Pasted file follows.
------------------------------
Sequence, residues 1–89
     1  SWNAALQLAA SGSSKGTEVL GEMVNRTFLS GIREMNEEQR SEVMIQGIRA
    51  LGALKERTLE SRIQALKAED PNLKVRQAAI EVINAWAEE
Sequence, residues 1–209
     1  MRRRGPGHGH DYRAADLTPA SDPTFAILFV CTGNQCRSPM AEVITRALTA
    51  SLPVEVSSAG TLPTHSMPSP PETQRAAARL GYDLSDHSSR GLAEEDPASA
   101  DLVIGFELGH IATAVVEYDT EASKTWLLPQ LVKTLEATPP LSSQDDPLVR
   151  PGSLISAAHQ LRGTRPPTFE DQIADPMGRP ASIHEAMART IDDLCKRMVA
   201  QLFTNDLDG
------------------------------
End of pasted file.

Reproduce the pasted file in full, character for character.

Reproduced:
Sequence, residues 1–89
     1  SWNAALQLAA SGSSKGTEVL GEMVNRTFLS GIREMNEEQR SEVMIQGIRA
    51  LGALKERTLE SRIQALKAED PNLKVRQAAI EVINAWAEE
Sequence, residues 1–209
     1  MRRRGPGHGH DYRAADLTPA SDPTFAILFV CTGNQCRSPM AEVITRALTA
    51  SLPVEVSSAG TLPTHSMPSP PETQRAAARL GYDLSDHSSR GLAEEDPASA
   101  DLVIGFELGH IATAVVEYDT EASKTWLLPQ LVKTLEATPP LSSQDDPLVR
   151  PGSLISAAHQ LRGTRPPTFE DQIADPMGRP ASIHEAMART IDDLCKRMVA
   201  QLFTNDLDG